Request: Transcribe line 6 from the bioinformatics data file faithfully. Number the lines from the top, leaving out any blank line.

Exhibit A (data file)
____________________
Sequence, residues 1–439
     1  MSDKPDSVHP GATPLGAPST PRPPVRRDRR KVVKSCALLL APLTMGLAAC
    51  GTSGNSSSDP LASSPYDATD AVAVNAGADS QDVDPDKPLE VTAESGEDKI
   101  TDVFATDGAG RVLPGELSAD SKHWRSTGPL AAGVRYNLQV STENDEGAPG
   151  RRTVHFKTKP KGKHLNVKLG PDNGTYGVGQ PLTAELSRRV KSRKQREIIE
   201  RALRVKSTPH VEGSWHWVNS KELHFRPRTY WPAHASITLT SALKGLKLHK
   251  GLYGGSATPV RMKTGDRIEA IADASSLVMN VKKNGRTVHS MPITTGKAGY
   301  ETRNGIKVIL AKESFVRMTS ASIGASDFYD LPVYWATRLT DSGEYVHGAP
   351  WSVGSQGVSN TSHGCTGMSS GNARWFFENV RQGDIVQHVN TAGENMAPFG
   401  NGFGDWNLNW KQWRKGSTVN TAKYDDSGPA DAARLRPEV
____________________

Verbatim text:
   201  RALRVKSTPH VEGSWHWVNS KELHFRPRTY WPAHASITLT SALKGLKLHK